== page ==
Response: Petitioners were challenging the Planning Board's authority to make any SEQRA declaration at all. The Melkonian decision considered several arguments, and accordingly Petitioners are barred from relitigating those matters in this proceeding.
You can check out the documents in the case here. The index number is E012021017875.
The big takeaway here is that Colarusso is grasping at straws in its effort (still!) to deny the City's right to assess impacts on its own Waterfront. The presumption of dominance is something to behold.ReplyDelete
If Colarusso had chosen to go through the Planning Board review like any normal applicant, the process would have ended years ago. Instead, they have run up hundreds of thousands of $$ in legal expenses and wasted 6 years in an effort to dodge a SEQRA review. Their attorney doesn't seem to realize that he is making an implicit concession that a fair review would terminate his client's gravel dump and truck route proposition.ReplyDelete
And to top it all off---all these years of obvious malign and predatory practices on Colarusso's part---the City of Hudson STILL DOES BUSINESS with these malevolent creeps!!! If nothing else demonstrates the bottomless incompetence of our local Keystone Cops govt., surely this fact does! Is there no other company in the mid-Hudson valley to do business with except the very one which is continually trying to stifle and control life in the very same city!? It's really a miracle that Hudson has done as well as it has in the past few years---all owing to the efforts and perserverance of its residents and business owners, and never its feckless, if not actually destructive, local govt.!ReplyDelete
Consider what Colarusso is asking our Planning Board to permit. The company wants the following:ReplyDelete
~ Two brand new right-angle intersections on both of the major routes leading into Hudson (9 & 9G.) The crossing at 9G would sit at the base of the long hill where state and local police set up their traps to catch speeding traffic coming down the steep hill.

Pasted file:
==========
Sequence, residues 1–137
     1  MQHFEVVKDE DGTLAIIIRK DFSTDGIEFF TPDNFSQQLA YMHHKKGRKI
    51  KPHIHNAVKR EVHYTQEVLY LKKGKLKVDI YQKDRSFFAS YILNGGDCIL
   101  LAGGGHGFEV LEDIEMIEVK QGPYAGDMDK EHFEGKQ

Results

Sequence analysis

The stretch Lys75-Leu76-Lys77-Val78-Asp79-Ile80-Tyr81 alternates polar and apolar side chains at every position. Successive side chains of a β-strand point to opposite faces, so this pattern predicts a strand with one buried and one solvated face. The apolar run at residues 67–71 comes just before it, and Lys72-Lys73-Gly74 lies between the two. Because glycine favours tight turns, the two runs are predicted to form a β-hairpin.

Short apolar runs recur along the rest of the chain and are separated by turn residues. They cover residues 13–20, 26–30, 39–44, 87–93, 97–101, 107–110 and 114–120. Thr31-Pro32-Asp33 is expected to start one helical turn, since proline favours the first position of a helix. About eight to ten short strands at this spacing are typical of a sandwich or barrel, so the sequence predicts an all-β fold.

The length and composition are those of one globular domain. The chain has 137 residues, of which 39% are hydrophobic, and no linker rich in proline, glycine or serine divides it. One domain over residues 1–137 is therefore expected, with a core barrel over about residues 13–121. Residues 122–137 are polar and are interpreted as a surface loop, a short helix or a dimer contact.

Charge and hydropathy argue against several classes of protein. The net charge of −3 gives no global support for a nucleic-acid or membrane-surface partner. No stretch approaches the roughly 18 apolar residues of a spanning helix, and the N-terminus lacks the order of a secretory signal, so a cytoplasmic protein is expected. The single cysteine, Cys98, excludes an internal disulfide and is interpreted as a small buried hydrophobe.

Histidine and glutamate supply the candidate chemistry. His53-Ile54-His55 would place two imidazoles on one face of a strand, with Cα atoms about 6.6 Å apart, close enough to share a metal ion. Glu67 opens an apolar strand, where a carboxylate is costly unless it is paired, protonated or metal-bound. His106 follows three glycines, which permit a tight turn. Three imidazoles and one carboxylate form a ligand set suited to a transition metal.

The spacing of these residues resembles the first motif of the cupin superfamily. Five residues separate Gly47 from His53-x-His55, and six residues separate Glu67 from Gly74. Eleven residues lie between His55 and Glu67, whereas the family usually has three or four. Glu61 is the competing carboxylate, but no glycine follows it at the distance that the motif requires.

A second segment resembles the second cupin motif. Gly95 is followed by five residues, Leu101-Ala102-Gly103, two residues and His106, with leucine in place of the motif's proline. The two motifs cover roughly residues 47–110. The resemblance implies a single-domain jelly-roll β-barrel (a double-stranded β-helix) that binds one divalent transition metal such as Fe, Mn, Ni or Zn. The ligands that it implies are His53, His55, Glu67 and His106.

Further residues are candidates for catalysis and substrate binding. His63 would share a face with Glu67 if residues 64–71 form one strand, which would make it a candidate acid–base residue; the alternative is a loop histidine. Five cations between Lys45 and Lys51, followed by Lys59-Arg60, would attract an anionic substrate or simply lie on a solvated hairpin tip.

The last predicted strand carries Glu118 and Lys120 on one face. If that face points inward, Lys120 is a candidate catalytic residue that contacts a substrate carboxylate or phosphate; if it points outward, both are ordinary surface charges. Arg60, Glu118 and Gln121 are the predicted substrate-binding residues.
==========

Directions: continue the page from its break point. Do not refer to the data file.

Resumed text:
~ A two-lane, paved industrial highway thru South Bay, which was designated as a Significant Fish & Wildlife Habitat two years before Colarusso bought the waterfront property. In addition, the Hudson Common Council passed a 1982 resolution promising local sportsmen that there would be no further development in the Bay.
~ A 471% increase in heavy truck traffic at the dangerous Broad St. railroad crossing. The Hudson Train Station handles 28 trains per day (13 passenger trains north, 13 south, and 2 freights.). The Colarusso trucks would be idling on both sides of the tracks while trains pass through the crossing.
~ A huge volume of heavy diesel truck traffic right past the front door of Basilica (a popular and busy event venue) within 75 yards of our historic train station, and immediately across from a site where millions of dollars of new investment is taking place as a consequence of the $10 million DRI grant provided by NY State for the purpose of improving our waterfront zone. In addition, the trucks would run directly adjacent to the Henry Hudson Waterfront Park, and the former Dunn Building, which is scheduled for rehabilitation in the coming years.
Colarusso maintains that the Hudson Planning Board has no statutory authority to put ANY limits on the volume of truck traffic, so it's possible that the projected volume of 471% could be exceeded.